We laid Rhino on his side which he willingly did so. I rested Rhino’s face in the palm of my hand while we told him how much life he brought us, how much we loved him and how he won’t feel anymore pain. I told the doctor to continue with the process. The injections through the IV began to flow and Rhino fell asleep within seconds. The doctor was finished with the rest of the process in less than a minute. He was gone.

I continued to hold his head in my palm as I stroked the top of head with my other hand. With his snout still wet and face still warm, he just seemed to be in a deep sleep. I brushed his whiskers which he didn’t like me doing to him. This still didn’t feel real. As the tears fell and the uncontrollable bellowing released, we pressed the button to call the doctor back in. We couldn’t bare to see his lifeless body anymore. Three of us walked into the hospital and two of us walked out.

Reminiscing of his good health over the years, he was a fast runner and I couldn’t keep up with him. I found that riding my skateboard next to him on the NYC sidewalks was the best way to expel his energy. However, I was never good at adjusting for his sudden stops or sharp turns causing a skateboard catastrophe: my body flying one direction, my board another and Rhino staring at me wondering why I’m on the ground!

Rhino also enjoyed a challenging jump. He could leap to the top of a 4’ rock and revelled in doing “pupkour”, coined after parkour. If we were near benches during our walks, he loved walking across the benches and leaping between the gaps. Somehow he scaled rock walls in the park that were at angles tough for me to scale. I thought for sure I’d find him up a tree one day, chasing after a squirrel. Also, we had a loft bed in our AirBnB room and we tried to get him to climb the ladder. In hindsight, we shouldn’t have been teaching him to climb a ladder so I’m glad he never made it to the top bunk.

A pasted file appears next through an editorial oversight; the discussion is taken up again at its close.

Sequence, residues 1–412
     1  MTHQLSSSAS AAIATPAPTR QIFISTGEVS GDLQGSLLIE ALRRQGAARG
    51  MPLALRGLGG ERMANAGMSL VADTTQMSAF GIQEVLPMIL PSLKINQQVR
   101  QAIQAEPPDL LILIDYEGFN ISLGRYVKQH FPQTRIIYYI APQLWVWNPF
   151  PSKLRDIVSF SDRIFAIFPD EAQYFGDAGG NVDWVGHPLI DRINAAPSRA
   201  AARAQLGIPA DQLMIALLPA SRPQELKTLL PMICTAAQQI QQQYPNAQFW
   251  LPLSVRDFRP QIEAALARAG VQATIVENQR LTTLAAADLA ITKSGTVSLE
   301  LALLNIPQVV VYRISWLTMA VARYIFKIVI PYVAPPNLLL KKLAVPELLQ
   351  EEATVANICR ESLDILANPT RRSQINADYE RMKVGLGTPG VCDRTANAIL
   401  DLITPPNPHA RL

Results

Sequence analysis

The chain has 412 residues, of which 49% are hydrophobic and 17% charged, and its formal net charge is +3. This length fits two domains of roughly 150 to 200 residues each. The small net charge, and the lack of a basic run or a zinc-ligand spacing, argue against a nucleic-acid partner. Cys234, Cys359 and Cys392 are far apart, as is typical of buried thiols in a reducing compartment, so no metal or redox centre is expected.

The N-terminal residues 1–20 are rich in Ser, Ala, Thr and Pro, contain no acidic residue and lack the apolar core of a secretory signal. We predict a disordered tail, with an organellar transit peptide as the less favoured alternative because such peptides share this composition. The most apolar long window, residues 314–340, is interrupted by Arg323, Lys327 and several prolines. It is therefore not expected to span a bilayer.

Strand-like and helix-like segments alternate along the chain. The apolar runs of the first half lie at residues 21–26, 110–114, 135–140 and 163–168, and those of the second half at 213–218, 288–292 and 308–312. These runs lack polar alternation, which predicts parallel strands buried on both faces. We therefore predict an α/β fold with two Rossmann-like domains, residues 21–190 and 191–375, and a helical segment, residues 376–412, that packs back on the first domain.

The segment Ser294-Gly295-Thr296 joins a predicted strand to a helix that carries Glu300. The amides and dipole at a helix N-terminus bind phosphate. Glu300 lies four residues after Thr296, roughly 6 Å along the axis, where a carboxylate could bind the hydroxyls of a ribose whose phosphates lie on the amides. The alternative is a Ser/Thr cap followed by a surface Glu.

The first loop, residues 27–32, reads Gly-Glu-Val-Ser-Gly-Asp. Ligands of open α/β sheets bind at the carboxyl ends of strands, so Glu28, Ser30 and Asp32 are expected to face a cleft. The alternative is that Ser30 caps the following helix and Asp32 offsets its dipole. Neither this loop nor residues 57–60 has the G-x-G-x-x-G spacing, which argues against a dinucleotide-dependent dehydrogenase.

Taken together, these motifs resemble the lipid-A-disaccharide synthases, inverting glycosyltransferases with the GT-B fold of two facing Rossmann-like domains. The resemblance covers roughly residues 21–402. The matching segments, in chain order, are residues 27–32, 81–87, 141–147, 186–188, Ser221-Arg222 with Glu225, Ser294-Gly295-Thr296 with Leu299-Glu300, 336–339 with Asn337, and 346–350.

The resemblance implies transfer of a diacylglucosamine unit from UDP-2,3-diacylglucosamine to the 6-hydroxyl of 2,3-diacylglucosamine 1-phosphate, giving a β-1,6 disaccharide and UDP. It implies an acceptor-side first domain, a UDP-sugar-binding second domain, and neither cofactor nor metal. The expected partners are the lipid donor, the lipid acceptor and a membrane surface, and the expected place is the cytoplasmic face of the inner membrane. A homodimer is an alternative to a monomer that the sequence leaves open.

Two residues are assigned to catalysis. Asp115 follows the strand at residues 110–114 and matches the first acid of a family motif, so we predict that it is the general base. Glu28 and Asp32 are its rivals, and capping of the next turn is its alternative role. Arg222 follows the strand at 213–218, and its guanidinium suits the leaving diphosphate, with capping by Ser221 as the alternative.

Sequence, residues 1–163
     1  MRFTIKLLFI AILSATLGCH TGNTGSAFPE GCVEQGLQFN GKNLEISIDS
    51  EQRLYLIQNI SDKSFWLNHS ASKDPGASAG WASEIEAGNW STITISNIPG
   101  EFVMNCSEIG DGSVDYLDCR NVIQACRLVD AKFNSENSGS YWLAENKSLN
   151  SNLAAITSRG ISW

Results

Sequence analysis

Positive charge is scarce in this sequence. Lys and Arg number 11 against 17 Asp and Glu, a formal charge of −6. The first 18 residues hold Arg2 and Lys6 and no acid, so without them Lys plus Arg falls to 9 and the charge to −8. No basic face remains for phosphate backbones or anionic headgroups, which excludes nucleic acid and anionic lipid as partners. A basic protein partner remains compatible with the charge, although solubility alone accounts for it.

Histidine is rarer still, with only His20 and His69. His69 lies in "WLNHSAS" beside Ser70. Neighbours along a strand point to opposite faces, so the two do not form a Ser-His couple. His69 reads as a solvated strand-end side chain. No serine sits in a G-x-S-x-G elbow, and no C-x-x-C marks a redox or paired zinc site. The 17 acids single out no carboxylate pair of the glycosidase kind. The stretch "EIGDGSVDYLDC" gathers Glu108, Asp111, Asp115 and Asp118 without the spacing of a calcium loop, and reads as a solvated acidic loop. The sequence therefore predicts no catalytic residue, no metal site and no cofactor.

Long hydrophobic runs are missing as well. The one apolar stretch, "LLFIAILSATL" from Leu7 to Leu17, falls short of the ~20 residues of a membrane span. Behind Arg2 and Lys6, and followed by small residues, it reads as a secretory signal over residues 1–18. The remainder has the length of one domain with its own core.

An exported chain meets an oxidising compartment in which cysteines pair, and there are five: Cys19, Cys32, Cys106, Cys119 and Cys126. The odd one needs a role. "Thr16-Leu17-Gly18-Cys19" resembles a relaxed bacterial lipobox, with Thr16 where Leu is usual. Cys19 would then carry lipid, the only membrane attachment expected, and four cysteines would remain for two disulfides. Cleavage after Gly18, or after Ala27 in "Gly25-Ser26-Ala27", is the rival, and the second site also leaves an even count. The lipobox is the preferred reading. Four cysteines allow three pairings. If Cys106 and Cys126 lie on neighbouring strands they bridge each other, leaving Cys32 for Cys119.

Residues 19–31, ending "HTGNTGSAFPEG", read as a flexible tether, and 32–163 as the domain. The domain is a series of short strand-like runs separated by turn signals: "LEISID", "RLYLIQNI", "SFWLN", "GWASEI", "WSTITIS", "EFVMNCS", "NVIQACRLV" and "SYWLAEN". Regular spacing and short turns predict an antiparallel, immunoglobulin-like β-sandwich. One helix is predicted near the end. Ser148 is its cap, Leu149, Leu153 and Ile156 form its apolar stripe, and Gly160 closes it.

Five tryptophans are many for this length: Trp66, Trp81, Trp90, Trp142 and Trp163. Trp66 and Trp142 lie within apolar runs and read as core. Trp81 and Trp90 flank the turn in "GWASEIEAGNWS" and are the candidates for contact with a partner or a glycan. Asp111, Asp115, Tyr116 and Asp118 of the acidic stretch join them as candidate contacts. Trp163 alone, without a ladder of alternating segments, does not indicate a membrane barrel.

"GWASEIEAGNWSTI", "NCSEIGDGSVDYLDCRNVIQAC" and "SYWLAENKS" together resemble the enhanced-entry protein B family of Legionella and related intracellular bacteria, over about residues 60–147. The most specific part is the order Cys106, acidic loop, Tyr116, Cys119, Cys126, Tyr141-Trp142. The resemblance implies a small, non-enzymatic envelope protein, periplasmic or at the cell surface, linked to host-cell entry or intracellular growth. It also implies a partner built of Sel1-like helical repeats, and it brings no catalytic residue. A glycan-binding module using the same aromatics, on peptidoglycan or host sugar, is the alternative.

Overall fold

While walking into our house while holding Rhino’s collar and leash, Ellie sniffed the leash and looked for her brother. We embraced her and told her Rhino isn’t coming home. How do you communicate this with a dog? You can’t. While I wouldn’t say they had the best friendship, they definitely tolerated each other! Rhino always gave Ellie kisses on her snout, eyes and face but she would never return it. Ellie was too dominant to play tug of war or to share toys. They would always stick up for each other and look after each other.  Being that Ellie lost most of her hearing, she depended on Rhino’s cues when someone came in the door, when the mailman drove up or someone was being too loud outside. Now, Ellie is missing her companion and can’t hear us, so we have to clap loudly and flicker the lights when we come home from work to prevent from frightening her. We have to do this when she’s not sleeping by the front door waiting for anyone to accompany her.

Trying to get used to life without Rhino around the house is difficult. I never knew I’d miss the annoying things he did. While cooking, Rhino would hear the sound of vegetables being cut so he would take up floorspace on the hallway rug hoping for something to fall down to his level. He knew the rules. “Get out of the kitchen!” was a frequently used phrase for the both of them. Unfortunately for Rhino, he hated most veggies but that’s what I was cutting most of the time. So when something did fall, he would rush over to eat it, then quickly spit it out. Since he wasn’t going to eat it, we’d call Ellie over to finish the job.

I never knew the love of a pup was this difficult when you lose them. Marlyse and I raised Rhino, taught him tricks, helped him develop good/bad habits and saw his personality develop. While this was the most painful event we’ve gone through, I would choose to go through it again because of the love Rhino brought us over the 11 years we had with him. You are missed, you are loved and you will remain in our hearts.